In the world of Whatsapp, Facebook, Twitter, Reddit and MySpace, people have found ways to express themselves and many often exercise this liberty as they have every legal right to do. Yet many of these opinions are based on misinformation or ignorance. Absurdist claims, even by members of official news sources are unfortunately becoming quite common. An example of journalists spreading panic and disinformation follows. One seemingly ordinary day in February 2017, a loud blast was heard in the Y Block market of DHA, Lahore in Pakistan. Rumours circulated about how subsequent blasts were heard in the areas of Gulberg, and Mall Road in Lahore as well. In reality, there had been only one blast.

Agendas to discredit people can cause harm to people and puts them at risk. There was a time when the racist and religiously-biased lie of Pakistani politician Imran Khan being “a Zionist agent” was cited as fact by a gullible population being taken in by social media disinformation agents. Ironically, the person who complained to me about this conspiracy theory is also the same person who then postulated to me he would not put it past Prime Minister Nawaz Sharif to be conspiring with India’s Prime Minister Modi, India’s premier spy agency The Research and Analysis Wing (RAW) and Afghanistan’s National Directorate of Security (NDS) to cause bombings in Pakistan every time the PTI wants to hold a political demonstration. Likewise, I find opponents of the PTI who use the “Zionist Agent” to be just as ignorant of facts and potentially dangerous.

There is danger in spreading lies. Fake news, disinformation and ignorance cause an atmosphere of fear, distrust and violence. Being related to a state official, I’ve grown wary of aggressive responses to my profiles on social media. As a fully functioning adult studying politics with all my capacities intact I am technically allowed to have political beliefs of my own. Social media is now an aspect of every modern life, there is no avoiding it, and as a student of politics, I feel a pull to discuss my beliefs as well. Yet, when people hurl abuse at me for being an agent of some party or another because my beliefs might not match their political affiliations, I feel genuinely worried. Accusations can be taken literally by many people. Hurling vicious unsubstantiated claims because I don’t agree with your beliefs can be damaging to the image of my relatives and friends.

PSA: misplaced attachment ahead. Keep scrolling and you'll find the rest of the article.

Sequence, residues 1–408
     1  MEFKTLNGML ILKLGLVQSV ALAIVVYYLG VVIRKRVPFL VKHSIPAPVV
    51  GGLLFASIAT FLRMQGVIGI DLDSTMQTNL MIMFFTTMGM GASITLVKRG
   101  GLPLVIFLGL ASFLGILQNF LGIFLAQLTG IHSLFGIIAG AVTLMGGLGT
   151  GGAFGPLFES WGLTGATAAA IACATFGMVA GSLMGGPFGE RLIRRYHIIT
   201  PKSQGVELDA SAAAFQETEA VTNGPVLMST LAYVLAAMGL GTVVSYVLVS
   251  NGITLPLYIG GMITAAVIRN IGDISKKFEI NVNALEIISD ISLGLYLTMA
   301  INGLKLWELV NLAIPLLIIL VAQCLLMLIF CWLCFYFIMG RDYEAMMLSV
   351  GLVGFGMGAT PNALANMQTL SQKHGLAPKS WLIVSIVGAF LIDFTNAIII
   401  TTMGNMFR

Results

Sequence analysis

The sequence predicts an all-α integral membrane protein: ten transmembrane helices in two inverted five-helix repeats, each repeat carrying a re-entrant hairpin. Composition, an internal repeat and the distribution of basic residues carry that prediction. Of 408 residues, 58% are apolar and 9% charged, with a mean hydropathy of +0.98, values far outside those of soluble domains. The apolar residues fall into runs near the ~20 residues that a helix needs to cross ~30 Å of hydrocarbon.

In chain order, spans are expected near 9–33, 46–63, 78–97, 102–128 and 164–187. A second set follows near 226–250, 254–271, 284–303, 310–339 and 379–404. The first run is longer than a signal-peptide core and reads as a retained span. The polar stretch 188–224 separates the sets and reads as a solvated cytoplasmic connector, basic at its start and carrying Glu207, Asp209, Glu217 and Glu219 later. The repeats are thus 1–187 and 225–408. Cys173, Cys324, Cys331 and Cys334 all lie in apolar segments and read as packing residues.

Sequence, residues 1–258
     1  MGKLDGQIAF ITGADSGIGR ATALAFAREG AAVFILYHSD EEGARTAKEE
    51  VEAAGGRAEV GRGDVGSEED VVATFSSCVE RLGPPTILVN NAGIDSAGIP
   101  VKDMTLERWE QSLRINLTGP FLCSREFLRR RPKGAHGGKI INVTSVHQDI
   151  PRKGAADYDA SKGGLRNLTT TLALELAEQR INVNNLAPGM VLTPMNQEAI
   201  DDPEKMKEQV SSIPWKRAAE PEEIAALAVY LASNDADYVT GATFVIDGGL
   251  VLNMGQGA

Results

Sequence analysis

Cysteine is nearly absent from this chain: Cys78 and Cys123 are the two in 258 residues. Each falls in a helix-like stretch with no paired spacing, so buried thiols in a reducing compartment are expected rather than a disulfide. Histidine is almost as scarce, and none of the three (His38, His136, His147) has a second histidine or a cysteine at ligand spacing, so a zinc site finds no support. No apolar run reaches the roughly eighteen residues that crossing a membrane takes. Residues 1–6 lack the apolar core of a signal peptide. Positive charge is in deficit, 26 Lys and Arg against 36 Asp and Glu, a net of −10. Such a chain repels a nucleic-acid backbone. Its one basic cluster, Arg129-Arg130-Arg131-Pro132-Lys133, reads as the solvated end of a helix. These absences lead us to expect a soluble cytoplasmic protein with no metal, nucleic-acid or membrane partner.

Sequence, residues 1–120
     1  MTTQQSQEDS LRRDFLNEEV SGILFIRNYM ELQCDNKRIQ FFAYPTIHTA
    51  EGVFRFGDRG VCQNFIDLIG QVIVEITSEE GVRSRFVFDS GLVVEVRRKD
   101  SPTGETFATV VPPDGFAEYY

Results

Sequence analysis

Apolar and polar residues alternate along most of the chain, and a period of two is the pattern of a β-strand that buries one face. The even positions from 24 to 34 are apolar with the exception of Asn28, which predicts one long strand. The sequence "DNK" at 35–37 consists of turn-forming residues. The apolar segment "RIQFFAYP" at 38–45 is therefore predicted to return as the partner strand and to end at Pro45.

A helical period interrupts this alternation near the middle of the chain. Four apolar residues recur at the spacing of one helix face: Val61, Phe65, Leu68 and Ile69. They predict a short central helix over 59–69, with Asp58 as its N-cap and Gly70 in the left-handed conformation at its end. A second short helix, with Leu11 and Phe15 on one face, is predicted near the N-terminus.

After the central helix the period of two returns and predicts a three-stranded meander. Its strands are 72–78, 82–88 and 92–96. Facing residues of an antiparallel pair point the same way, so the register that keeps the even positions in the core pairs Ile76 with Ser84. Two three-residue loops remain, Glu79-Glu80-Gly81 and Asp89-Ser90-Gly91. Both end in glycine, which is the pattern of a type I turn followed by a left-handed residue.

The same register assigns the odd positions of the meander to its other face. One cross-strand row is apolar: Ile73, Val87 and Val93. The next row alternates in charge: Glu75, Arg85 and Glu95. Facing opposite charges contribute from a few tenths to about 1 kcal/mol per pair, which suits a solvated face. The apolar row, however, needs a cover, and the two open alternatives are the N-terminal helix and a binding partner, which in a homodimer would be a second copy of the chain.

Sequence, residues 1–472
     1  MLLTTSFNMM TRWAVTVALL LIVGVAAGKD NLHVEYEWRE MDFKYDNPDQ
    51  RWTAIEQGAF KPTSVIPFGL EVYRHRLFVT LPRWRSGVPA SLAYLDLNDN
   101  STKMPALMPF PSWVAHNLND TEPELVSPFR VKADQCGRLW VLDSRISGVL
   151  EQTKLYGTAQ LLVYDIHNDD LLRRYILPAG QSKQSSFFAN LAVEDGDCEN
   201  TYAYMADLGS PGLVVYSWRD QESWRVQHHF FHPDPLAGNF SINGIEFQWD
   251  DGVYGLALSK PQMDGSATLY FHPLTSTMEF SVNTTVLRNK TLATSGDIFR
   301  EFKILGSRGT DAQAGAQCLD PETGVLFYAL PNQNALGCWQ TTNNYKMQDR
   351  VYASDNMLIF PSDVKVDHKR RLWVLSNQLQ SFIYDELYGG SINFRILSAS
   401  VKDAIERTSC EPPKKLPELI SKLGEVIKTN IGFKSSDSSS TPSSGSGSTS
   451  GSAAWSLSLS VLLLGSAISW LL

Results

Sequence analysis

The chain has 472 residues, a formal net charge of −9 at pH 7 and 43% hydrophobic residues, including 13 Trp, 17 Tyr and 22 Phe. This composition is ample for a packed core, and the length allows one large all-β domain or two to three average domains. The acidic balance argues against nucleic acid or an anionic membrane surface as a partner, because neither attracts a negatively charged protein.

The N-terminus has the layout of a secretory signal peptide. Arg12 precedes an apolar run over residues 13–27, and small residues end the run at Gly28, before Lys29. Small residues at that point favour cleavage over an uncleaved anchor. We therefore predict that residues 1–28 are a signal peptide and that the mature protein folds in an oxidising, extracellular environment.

When it comes to politics, everyone claims to be a political expert but rarely does one find someone who has done their homework. Regarding a judicial decision discussion on a social website, I, in my capacity as a scholar of politics, once asked someone to read the decision before commenting on it like an expert. The person in question often gives opinions on political discourse and has some very strong convictions about her political beliefs. My reason for asking the person to read the decision was so that she would have direct access to the knowledge instead of getting it secondhand from often politically biased news sources or from fake news websites. The response I got was, “It’s my legal right to comment on what I want the way I see fit and if I choose to not read the document because I don’t need to, you should respect that” or something to that affect. If someone is going to comment on the quality of a legal document, and then challenge the views of a political scholar, it would only make sense to read the document to see what it says and what the nuances in the jargon state. My postulation to read the judgment instead of relying on the opinions of others makes even more sense when one looks at the varying opinions of multiple news anchors, many who themselves are uninformed or spreading disinformation or creating panic.